With challenging weather across the country during the summer it has resulted in some grass silage being poorer than expected or planned for. This puts an increased emphasis on getting the most out of any maize silage that is still to be harvested to boost the feed quality of your animal’s diet.
Despite the wet weather maize crops are looking good, this is due to summer temperatures being up 1-2C on the long-term average. It was highlighted at a recent Fane Valley Maize open day the importance of temperature for maize development. Selecting the correct varieties for the climate was also a key message with Northern Ireland most suited to early and ultra-early varieties.
Harvesting the crop at the correct time is key to ensuring maximum starch levels and digestibility in the crop. The crop should be cut when it reaches 30% dry matter, and the milk line is 1/3 down the kernel. This can be checked by splitting a cob and the kernel should resemble your thumb nail with a pale white colour showing across the bottom of the grain. For livestock feeding the chop length should be at least 25mm in length and the kernel should be broken into at least four pieces.
Achieving a fast, efficient fermentation and a silage which is stable are key to maximise the production and quality of your maize silage. Maize silage can be prone to losses from an inefficient fermentation and dry matter losses.
Using Magniva Platinum Elite Maize additive has shown a 6.5% reduction in dry matter losses over other maize silage inoculants. The patented combination of L. hilgardii and L. buchneri in the Magniva Maize range not only improve the stability of the clamp but prevent secondary fermentation which has the added benefit of reducing moulds and yeasts which can cause health problems in the animal. In a trial maize treated with Magniva Platinum had twelve times less yeast at early opening than untreated maize.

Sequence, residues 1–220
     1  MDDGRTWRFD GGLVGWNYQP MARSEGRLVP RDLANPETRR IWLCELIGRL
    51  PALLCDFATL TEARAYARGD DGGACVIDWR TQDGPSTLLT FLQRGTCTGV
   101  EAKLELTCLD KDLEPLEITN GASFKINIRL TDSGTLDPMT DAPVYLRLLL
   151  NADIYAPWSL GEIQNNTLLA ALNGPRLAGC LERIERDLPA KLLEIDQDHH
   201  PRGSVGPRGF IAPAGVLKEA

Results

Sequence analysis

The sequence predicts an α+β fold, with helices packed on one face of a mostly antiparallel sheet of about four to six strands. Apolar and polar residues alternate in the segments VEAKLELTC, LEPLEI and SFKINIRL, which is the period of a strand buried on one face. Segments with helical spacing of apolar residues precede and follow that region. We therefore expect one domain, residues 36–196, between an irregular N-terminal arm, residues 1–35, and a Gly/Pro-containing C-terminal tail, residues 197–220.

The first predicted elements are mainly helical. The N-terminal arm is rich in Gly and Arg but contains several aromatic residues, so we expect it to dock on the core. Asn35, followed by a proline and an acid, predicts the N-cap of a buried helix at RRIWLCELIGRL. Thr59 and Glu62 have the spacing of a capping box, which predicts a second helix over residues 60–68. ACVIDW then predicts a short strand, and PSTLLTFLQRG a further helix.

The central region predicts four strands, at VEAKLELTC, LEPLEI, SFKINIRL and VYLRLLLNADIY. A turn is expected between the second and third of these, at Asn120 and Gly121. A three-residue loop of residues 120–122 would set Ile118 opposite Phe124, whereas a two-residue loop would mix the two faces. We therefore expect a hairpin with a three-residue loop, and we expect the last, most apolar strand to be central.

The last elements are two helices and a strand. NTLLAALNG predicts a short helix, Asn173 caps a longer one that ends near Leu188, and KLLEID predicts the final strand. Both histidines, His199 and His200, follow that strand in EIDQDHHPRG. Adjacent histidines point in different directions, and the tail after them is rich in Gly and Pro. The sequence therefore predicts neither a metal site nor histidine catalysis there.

Ensure the clamp is filled in thin even layers, with plenty of weight and time given to consolidation of the clamp as the first step for effective fermentation is to remove as much air as possible. If the clamp is left poorly compacted and spongy, the beneficial microbes cannot start to work as quickly and there is an increased risk of spoilage microbes interfering with fermentation. Good compaction increases the likelihood of a more stable silage during feed out.
Find out more about making the most of your maize silage by speaking to your local Fane Valley Agronomy & Forage specialist or call 02892610485.